After health care reform was upheld Thursday by the U.S. Supreme Court, area officials had mixed reactions.
Congressman Mike Kelly (R-3) said President Barack Obama's policies are driving the nation into historically high debt and unemployment. With the Patient Protection and Affordable Care Act (known informally as Obamacare), Kelly said the government is now taking over one-sixth of the U.S. economy.
"Today, the United States Supreme Court spoke," Kelly said in a statement issued Thursday. "On November 6, the American people will have their chance to speak."
According to Kelly, Obama made repeated assurances to Americans the law would not be a tax. However, he said, it was upheld because it was interpreted as a tax.
Americans were misled by the president, Kelly said, adding that he shares their outrage. A majority of them want the law repealed, he said, and he stands with them.
Warren General Hospital CEO John Papalia said the hospital recognizes a significant amount of uncertainty exists regarding the law. Since the law's inception, he said, the hospital has prepared for and implemented the requirements it includes for hospitals and will continue to do so.
"Yesterday's Supreme Court decision will not change our daily focus," Papalia said on Friday. "We remain committed to our patients and our community in providing compassionate quality care."
Congressman Glenn Thompson (R-5) sent out a political advertisement addressed to friends and supporters expressing his disappointment with the ruling. Despite the Supreme Court decision, he said, the law remains flawed and unsustainable.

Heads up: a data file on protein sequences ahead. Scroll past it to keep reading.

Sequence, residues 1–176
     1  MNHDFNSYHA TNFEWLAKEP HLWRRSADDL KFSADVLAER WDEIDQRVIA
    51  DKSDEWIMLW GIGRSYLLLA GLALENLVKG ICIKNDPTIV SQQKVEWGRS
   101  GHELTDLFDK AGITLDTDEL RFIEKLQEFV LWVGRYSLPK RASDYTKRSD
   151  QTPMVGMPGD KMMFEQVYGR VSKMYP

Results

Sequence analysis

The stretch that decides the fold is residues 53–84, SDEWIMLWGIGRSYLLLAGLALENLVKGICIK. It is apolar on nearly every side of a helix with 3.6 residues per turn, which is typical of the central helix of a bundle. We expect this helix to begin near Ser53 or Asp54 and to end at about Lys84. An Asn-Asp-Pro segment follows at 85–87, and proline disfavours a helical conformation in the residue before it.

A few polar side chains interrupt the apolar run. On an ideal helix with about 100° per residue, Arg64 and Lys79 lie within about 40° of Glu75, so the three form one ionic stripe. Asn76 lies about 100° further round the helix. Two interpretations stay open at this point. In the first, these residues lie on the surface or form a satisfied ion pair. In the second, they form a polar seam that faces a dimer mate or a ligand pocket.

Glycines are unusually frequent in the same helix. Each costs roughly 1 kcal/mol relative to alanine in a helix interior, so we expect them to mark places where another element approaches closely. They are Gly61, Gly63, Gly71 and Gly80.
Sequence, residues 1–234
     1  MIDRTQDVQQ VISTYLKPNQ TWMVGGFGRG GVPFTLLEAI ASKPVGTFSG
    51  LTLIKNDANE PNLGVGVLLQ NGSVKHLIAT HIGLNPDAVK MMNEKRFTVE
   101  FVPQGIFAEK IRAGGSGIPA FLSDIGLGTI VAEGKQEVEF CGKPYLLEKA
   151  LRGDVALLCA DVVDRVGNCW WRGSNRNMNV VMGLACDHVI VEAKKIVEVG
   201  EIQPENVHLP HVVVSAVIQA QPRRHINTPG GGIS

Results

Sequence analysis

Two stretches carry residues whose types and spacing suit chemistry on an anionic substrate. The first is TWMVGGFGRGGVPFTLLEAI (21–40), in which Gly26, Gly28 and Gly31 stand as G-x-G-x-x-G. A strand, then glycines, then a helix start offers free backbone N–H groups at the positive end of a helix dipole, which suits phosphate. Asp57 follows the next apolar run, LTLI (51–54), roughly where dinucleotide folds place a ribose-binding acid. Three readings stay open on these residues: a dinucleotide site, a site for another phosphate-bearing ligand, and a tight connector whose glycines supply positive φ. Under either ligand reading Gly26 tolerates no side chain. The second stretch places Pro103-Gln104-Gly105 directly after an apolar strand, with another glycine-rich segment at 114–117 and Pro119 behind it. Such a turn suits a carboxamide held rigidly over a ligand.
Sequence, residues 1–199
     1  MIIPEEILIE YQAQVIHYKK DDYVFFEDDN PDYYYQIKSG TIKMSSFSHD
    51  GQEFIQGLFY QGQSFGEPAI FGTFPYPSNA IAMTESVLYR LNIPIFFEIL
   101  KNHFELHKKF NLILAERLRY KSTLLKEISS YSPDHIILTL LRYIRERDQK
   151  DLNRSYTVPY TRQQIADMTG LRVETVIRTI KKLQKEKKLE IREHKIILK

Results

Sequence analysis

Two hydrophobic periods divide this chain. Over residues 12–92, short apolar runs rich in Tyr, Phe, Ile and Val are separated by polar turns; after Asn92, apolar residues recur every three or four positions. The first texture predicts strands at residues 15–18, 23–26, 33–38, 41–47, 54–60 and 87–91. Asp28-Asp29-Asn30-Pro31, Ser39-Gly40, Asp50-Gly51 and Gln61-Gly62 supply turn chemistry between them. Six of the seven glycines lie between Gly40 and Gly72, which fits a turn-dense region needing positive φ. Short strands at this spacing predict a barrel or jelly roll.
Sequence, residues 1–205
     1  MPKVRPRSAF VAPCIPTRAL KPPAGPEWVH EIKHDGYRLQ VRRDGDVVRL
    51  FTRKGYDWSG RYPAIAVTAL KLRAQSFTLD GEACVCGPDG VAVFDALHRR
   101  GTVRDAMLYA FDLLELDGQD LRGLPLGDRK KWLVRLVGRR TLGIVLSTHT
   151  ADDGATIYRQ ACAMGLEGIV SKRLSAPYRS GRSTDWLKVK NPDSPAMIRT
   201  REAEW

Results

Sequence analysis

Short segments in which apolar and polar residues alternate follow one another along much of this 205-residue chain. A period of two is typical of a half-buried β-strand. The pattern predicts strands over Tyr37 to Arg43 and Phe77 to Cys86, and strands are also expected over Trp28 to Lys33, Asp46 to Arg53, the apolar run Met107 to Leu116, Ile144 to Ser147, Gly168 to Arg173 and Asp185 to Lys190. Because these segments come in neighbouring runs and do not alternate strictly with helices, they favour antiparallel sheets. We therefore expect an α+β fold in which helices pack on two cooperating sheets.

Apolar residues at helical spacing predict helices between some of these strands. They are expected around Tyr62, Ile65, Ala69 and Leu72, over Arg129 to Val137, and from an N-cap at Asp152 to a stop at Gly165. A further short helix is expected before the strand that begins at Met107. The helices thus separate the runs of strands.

Instead of a question of constitutionality, Thompson said the law presented a question of bad public policy. In its ruling, he said, the Supreme Court made clear Congress should correct its own mistakes.
Thompson said he spent nearly 30 years as a health care professional prior to being elected and served people facing life-changing decisions and disability. That, he said, gave him the expertise referenced in the opinion, and he also has the prerogative as a legislator to correct the law which he views as a mistake.
"The health care law raids $500 billion from Medicare, institutes a rationing panel that will deny seniors critical health care coverage, destroys millions of jobs, and threatens to take away our constitutionally-protected religious freedoms," Kelly said.
Though reforms to the health care system should include better access, affordability, quality and patient choice, Thompson said the law fails on all fronts. There are 20 million Americans set to lose their employer-based insurance as a result of the ruling, he claimed, and the non-partisan Congressional Budget Office has doubled its estimate of the law's cost from $900 billion to $1.8 trillion.
To reach that amount, Thompson said over 62 percent of funding comes from increasing taxes. Since the law's passage, he said average family insurance plans have increased by $2,000 per year.
For the remaining 38 percent of funding, Thompson claimed the law relies on cuts to Medicare for older adults. Already, he said that program is fiscally challenged.
Though disappointed in the ruling, Kelly said he is confident the American people want the law repealed and will continue to voice their opposition.
In the week of July 11, Thompson said House Republicans have scheduled a full repeal vote of the law. Parish Braden, communications director for Thompson's congressional office, said a successful repeal vote would then move to the Democratically-controlled Senate where only 50 votes would be needed if it is addressed as a tax. If approved, it would then need to be signed by President Obama.